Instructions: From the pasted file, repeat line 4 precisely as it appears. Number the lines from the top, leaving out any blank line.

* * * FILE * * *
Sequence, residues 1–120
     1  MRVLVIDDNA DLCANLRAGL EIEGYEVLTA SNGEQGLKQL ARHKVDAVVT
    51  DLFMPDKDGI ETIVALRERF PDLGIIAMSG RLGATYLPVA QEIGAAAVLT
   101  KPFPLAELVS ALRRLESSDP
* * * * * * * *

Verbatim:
   101  KPFPLAELVS ALRRLESSDP